A Genetically Modified Organism (GMO) controversy: a “hot potato”

Centre d’études européennes de Sciences Po

Aurélien Evrard
 

The decision made by the European Commission to authorise the cultivation of a genetically modified potato, and in fact to lift the moratorium on GMOs, caused a strong debate in France. If the French association for vegetal biotechnologies were to welcome this decision,[1] environmental associations asked the government to use its safeguard clause. The latter decided to refer to the High Council on Biotechnologies (HCB) before making a decision, said the Ministries for the Environment and for Agriculture in a joint declaration.[2] According to Hervé Kempf, from Le Monde, such a decision not only flies in the face of the Europe-wide debate of the past ten years, but it also raises a question, which discounts the European ideal: “In order to pave the way for GM products, the Commission plans to give each state the right to choose whether or not to authorise them, which clearly cuts the very principle of European integration and manifests the cacophony which currently reigns in the EU.”[3]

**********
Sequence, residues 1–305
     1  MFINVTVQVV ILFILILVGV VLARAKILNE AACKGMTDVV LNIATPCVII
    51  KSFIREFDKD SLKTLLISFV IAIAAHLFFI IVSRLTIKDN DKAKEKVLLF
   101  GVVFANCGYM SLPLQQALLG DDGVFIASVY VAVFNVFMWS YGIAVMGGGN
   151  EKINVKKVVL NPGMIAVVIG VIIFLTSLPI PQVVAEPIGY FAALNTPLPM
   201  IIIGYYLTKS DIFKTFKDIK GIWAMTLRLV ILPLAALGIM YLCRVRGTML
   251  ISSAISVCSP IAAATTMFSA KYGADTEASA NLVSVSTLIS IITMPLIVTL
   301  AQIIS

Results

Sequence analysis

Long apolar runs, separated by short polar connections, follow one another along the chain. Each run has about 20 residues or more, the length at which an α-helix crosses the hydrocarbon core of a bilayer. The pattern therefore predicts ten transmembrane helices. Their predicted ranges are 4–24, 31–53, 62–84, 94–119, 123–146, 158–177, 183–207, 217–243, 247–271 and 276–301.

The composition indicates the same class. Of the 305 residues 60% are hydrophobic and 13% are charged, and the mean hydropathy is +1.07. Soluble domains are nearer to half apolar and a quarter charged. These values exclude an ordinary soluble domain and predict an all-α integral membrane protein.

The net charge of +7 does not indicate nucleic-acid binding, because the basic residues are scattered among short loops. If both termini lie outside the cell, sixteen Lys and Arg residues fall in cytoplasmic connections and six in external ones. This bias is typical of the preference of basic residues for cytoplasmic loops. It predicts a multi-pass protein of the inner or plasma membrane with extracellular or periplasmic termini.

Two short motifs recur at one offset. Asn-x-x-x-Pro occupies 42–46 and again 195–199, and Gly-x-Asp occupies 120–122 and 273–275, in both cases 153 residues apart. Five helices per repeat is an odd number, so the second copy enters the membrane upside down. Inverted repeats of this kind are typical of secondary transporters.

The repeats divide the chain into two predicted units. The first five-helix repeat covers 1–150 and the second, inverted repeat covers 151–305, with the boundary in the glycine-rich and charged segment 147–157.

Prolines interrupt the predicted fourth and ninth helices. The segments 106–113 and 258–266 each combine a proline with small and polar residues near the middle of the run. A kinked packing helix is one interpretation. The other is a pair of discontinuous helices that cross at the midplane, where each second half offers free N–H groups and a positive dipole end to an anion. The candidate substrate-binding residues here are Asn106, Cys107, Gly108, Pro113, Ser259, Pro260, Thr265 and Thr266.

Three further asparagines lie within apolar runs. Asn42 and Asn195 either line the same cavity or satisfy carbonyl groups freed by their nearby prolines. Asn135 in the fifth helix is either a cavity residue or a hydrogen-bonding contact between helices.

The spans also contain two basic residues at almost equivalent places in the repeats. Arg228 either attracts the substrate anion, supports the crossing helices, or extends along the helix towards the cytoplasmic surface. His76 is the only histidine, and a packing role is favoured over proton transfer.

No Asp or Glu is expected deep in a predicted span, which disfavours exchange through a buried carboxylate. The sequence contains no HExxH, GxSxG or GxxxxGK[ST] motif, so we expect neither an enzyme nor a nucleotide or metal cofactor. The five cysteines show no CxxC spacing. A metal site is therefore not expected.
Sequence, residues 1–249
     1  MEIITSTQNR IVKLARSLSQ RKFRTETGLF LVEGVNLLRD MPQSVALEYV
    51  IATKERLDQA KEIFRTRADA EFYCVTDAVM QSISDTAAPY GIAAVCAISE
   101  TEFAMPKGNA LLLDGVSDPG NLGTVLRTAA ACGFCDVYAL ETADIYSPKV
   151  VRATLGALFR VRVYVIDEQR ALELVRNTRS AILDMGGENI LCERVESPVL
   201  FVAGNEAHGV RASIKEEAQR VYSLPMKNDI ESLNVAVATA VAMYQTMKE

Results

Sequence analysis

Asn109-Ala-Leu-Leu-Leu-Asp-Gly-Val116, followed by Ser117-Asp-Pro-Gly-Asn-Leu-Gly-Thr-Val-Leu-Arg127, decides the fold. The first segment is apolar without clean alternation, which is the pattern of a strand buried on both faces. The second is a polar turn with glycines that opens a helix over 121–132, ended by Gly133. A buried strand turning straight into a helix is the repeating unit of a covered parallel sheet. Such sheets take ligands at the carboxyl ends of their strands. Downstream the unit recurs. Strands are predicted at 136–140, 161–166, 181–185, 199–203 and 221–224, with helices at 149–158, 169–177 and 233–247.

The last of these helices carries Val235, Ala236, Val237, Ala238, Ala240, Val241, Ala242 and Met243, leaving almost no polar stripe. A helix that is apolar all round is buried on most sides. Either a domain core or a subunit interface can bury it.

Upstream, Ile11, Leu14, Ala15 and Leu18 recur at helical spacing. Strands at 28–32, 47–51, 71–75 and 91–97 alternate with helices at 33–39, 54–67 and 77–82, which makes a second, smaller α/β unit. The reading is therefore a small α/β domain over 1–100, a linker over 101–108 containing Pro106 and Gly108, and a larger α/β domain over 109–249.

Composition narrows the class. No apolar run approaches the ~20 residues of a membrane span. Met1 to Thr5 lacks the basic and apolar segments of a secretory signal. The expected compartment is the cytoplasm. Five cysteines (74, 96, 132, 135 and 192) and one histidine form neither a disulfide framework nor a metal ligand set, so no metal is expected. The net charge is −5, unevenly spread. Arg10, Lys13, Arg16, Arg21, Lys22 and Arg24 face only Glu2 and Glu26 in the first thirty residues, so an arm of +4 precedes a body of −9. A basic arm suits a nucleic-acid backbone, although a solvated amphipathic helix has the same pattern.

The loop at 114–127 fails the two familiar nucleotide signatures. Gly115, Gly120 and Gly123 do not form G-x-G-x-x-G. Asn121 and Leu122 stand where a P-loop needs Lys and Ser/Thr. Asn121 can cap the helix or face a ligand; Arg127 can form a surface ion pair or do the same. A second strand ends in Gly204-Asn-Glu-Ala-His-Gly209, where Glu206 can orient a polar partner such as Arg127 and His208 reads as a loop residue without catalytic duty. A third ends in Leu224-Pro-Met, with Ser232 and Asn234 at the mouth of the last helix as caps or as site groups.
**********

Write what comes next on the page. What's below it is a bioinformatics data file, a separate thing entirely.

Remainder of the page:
[1] Agrapress: L’autorisation de la pomme de terre Amflora critiquée, 15/03/2010.

[2] Communiqué de Presse, 03/03/2010, available at: http://www.developpement-durable.gouv.fr/Pomme-de-terre-OGM-AMFLORA-la.html (last access: 04/06/2010).

[3] Le Monde: Mal à l’Europe, 07/03/2010.

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